Television and Twitter define modern political life and those who shout the loudest or create the most effective meme often get the most airtime and traction. Business people don’t normally fall within this category but they have a really important contribution to make. Successful businesses provide solutions that solve real world problems for their customers. Since customers are people too, business owners are both problem solvers and people pleasers. That is why it is really important to include them in political life. After all, if there were no problems to solve there would be no need for politics.
In advance of the Irish general election we asked business people in the west of Ireland – attending the DMIM Digital Marketing Trends 2016 event – one simple question. If you were in power what would you do to help businesses?One simple question what would you do for businesses in Ireland, many interesting answers Click To Tweet
Our first respondent was Ineke Oates from Wow Social Media. Things got a little right wing straight away as Ineke wanted to tackle social welfare and told us that “People are disinclined get off their backsides to work. They’ve no reason to.” Next we met Thomas Horkan who runs Horkans / Pet World, one of Ireland’s largest gardening and outdoor DIY chains. Thomas wanted to make it more economical for businesses to employ people by reducing burdens including PRSI.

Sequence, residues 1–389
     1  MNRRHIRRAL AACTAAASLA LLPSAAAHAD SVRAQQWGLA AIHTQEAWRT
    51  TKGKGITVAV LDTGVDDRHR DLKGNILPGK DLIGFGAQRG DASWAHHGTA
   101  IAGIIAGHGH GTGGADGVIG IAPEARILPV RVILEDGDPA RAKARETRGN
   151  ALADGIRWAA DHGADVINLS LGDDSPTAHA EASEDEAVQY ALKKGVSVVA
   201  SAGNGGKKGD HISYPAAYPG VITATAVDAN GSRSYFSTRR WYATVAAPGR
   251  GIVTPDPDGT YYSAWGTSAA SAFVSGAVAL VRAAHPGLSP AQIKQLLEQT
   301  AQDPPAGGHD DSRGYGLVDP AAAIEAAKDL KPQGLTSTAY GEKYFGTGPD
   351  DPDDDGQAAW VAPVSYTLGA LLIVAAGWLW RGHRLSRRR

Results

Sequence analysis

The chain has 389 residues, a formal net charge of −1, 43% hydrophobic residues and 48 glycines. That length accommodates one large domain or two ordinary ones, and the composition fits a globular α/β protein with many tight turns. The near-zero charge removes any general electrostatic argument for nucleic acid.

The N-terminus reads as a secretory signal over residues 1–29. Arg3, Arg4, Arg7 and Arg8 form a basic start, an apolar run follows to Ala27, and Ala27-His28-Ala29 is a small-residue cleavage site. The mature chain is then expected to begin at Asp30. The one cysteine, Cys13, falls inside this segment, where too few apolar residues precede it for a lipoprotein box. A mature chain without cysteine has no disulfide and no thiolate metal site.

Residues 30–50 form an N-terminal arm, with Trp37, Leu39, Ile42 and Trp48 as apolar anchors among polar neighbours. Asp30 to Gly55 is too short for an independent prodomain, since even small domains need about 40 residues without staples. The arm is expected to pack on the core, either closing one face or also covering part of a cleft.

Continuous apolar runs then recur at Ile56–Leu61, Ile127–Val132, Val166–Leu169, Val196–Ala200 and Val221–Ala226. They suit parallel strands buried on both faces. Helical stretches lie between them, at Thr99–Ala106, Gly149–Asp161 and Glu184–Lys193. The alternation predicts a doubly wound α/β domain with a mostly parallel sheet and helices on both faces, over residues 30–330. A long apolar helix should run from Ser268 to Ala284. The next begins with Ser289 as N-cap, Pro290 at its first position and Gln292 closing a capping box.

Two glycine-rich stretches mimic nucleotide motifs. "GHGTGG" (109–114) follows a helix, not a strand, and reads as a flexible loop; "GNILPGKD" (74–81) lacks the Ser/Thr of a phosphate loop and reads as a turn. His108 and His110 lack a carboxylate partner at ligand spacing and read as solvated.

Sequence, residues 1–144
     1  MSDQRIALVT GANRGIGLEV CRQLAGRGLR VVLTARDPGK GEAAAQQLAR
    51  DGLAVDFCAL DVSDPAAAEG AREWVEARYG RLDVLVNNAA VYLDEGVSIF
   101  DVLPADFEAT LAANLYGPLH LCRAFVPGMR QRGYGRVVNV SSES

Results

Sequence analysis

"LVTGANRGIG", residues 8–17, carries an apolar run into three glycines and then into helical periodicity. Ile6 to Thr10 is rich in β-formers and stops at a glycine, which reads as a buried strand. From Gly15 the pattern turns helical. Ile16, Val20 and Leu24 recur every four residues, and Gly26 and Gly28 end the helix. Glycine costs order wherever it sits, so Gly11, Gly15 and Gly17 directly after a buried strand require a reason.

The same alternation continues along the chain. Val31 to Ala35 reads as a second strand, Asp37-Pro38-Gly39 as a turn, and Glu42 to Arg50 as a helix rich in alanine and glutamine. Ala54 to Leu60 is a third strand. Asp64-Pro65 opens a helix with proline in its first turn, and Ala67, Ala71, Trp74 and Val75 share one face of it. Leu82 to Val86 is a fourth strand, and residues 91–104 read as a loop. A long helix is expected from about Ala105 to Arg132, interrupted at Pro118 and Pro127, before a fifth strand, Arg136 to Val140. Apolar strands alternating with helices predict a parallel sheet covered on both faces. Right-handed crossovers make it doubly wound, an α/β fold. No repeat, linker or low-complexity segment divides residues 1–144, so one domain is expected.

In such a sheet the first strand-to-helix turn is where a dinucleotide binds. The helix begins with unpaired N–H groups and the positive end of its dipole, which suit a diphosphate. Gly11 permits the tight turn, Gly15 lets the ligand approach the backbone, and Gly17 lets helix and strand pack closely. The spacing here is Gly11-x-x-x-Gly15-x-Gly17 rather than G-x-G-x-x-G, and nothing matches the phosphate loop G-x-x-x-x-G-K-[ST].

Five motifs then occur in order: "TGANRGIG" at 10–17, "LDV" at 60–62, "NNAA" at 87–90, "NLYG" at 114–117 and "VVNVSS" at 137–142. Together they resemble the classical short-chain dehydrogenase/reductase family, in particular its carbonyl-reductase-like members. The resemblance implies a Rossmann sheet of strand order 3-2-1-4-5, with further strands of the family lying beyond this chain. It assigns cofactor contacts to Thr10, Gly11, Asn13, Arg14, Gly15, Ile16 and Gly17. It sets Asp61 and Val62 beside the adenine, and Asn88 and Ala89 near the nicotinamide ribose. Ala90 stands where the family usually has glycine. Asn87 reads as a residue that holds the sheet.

Colin Ruane runs a company called Facebug Campers. They do wired-up camper vans. Each VW camper has a webcam on the front so passengers can livestream their holiday to their co-workers in the ultimate expression of social media bragging. Colin brought up the long running issue of business people being unable to access social welfare benefits if their companies fold while their employees can.
Sylvester Jennings is MD of Arcon Recruitment, one of the west of Ireland’s leading recruitment companies. He wanted grants or initiatives to encourage people to relocate back to Ireland. He said that people are reluctant to take salaried jobs in Ireland because they fear being hammered by USC and PRSI. Sylvester said it has to make financial sense before people return – which makes sense to us.
Jason Nolan, a wedding photographer, wanted to incentivise people to do business, rather than penalise them with taxes. Aisling Roche asked for rural broadband while Yvonne Murphy, really just wanted a phone line. Aisling runs Arms Marketing and Training. Yvonne is the owner of the yummy Devour Bakery in Ballinrobe, which spoils people across south Mayo with cakes, pastries, cupcakes and gourmet lunches.
We also spoke to Mick Crean of Mick’s Garage. Mick started out 10 years ago selling car parts online from County Mayo. His company now turns over 15 million, employs 60 people and has depots in Poland and the UK. Mick wanted to see a specific tax rate for businesses that relocate staff west of the Shannon. This would ease pressure on the rental and housing markets in Dublin and take some of the burden off the M50. It would also bring some growth to the west or Ireland, which really hasn’t felt the full effect of the recovery just yet.
Leon Tunny-Ware runs the hugely successful Westport War Games tourist attraction. He wanted to see better communication between people and government. Essentially better channels for influencers and a more receptive ear at the government end; for what we thought were all modest, reasonable and genuine suggestions!